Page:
U.S. Department of State
U.S. Department of State
Other State Department Archive SitesU.S. Department of State
U.S. Department of State
U.S. Department of State
U.S. Department of State
U.S. Department of State
U.S. Department of State
U.S. Department of State
Home Issues & Press Travel & Business Countries Youth & Education Careers About State Video

Opposing View: We're Making Solid Progress (Afghanistan)

Richard Boucher, Assistant Secretary for South and Central Asian Affairs
Op Ed in USA Today
July 14, 2008

Enemy in Afghanistan is growing weaker, but big challenges remain.

After 9/11, the United States helped Afghan partners topple a brutal, repressive Taliban regime. Since then, the Afghan government, under President Hamid Karzai's leadership, has achieved great progress in its fight against the Taliban and al-Qaeda, establishing infrastructure, securing territory and providing education, health care and training. Broad swaths of Afghanistan are hardly recognizable in contrast to where they were in 2001.

We have had significant successes, but we have our work cut out for us. Daunting challenges remain — especially in security, counternarcotics and governance. Al-Qaeda, a massive narcotics trade and growing corruption must be addressed.

Because it can't win on the battlefield, the Taliban has resorted to tactics of pure terror: improvised explosive devices, suicide bombs and the targeting of Afghan and international civilians. It is weaker than it was last year and is not a strategic threat to the government. Nevertheless, it harms the day-to-day safety and security of the Afghan populace.

Stability relies on more than security, and lasting stability will come only when the Afghan government can step in to fill the void that is left when insurgents are removed. We continue to focus on the critical goal of extending nationwide the rule of law, human rights, basic services and economic opportunities to all corners of the country.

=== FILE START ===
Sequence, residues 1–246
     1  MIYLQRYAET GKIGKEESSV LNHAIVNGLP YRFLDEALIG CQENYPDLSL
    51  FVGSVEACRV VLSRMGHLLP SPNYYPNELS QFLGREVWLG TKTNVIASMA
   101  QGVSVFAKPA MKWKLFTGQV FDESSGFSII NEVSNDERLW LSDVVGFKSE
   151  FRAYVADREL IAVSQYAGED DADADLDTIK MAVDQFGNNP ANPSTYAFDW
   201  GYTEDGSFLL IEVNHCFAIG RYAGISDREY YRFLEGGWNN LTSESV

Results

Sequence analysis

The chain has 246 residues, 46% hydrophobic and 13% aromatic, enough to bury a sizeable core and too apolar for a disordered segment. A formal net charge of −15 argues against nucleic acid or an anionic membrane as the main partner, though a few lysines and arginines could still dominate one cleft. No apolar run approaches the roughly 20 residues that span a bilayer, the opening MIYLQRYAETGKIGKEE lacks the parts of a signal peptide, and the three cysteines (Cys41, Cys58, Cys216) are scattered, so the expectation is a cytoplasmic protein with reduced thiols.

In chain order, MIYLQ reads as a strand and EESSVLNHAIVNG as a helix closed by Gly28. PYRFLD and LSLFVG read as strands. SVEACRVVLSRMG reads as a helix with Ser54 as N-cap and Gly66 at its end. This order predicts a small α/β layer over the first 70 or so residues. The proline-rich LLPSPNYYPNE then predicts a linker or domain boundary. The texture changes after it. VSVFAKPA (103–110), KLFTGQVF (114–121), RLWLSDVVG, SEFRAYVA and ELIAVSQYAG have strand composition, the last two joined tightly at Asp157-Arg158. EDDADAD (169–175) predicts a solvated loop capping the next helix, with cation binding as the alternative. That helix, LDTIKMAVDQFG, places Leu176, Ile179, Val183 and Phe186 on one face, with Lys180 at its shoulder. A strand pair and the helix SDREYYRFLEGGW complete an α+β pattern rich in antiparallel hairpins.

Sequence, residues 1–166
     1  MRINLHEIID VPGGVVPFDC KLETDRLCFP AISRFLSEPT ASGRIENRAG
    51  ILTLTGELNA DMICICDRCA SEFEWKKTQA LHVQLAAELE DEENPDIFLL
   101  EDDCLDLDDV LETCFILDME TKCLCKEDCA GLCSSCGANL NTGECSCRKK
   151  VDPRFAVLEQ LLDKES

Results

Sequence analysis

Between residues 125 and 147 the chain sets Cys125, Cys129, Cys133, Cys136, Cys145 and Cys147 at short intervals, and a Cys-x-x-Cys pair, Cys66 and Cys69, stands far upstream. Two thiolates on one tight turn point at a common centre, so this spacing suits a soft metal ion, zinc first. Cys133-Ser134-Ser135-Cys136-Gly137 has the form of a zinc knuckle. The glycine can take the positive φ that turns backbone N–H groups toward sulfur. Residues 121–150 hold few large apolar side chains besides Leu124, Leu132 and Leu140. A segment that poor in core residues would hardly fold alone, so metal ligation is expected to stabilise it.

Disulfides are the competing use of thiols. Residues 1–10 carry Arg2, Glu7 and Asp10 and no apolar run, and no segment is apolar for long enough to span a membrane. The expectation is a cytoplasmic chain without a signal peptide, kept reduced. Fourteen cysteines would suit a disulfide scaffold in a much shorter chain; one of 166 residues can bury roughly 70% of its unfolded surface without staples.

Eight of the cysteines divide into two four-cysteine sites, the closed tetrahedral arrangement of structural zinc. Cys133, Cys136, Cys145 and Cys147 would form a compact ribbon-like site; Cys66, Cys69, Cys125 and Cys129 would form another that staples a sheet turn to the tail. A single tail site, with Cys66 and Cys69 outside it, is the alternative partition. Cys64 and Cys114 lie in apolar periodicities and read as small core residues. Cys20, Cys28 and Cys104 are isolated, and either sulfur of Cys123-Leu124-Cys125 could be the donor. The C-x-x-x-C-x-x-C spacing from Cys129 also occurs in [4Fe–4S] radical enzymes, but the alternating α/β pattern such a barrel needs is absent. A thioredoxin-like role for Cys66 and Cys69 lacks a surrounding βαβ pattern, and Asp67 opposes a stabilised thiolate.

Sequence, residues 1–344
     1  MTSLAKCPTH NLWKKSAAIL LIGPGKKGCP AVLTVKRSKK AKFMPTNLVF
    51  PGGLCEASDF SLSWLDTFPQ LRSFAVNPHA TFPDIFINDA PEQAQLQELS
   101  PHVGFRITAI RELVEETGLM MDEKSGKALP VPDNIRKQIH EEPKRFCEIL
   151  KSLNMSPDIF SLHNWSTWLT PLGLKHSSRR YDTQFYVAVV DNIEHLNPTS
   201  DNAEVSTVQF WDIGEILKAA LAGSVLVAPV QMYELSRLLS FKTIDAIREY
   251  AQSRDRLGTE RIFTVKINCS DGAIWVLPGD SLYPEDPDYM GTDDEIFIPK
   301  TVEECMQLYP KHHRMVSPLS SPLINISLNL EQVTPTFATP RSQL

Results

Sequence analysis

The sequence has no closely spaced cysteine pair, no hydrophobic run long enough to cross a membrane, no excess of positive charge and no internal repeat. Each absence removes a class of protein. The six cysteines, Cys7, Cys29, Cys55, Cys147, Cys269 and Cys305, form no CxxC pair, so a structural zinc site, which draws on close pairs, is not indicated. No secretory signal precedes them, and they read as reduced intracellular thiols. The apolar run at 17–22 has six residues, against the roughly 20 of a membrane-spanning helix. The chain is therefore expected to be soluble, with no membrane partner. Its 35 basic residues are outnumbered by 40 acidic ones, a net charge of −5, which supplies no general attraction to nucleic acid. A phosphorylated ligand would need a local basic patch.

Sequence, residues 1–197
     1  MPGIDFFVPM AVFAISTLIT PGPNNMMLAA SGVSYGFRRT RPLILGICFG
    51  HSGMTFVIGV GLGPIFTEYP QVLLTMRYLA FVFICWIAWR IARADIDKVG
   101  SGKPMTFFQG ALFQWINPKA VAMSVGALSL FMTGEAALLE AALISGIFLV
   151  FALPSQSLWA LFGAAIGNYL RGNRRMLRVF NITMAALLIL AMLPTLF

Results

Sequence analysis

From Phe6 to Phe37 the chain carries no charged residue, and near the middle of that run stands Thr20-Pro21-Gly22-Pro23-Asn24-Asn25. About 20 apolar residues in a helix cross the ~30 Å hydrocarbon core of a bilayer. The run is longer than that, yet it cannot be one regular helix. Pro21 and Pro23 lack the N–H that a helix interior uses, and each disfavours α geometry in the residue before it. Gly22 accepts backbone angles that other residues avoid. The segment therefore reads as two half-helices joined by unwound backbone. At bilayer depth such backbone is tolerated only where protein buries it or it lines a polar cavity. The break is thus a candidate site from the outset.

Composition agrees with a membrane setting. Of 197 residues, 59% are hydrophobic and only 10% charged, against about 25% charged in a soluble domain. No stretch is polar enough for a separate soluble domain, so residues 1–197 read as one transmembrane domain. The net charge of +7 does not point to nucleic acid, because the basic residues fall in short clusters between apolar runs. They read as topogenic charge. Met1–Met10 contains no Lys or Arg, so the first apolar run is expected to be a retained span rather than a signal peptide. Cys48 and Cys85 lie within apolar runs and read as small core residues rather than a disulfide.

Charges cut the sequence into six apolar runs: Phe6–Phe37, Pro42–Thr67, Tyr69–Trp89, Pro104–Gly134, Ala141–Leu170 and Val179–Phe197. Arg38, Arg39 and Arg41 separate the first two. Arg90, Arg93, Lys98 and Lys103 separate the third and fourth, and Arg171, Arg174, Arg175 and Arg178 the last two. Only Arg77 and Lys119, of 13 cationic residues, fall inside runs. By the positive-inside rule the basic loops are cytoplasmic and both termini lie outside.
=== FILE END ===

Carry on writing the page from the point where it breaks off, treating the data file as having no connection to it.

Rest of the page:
U.S. foreign assistance fosters programs big and small to bolster government at the local level. This June in Paris, international donors pledged to match our $10 billion pledge to support the five-year Afghan National Development Strategy, to address the things the Afghan people most need and want.

We know the challenges in Afghanistan. But we have a solid foundation of progress on which to build and a strategy to overcome them. With sustained resources and effort, we have every prospect of securing a stable, democratic and lasting ally in Afghanistan and an important linchpin for the region. We should not lose sight of the progress that has been made and that we continue to make year by year.



  Back to top

U.S. Department of State
USA.govU.S. Department of StateUpdates  |   Frequent Questions  |   Contact Us  |   Email this Page  |   Subject Index  |   Search
The Office of Electronic Information, Bureau of Public Affairs, manages this site as a portal for information from the U.S. State Department. External links to other Internet sites should not be construed as an endorsement of the views or privacy policies contained therein.
About state.gov  |   Privacy Notice  |   FOIA  |   Copyright Information  |   Other U.S. Government Information

Published by the U.S. Department of State Website at http://www.state.gov maintained by the Bureau of Public Affairs.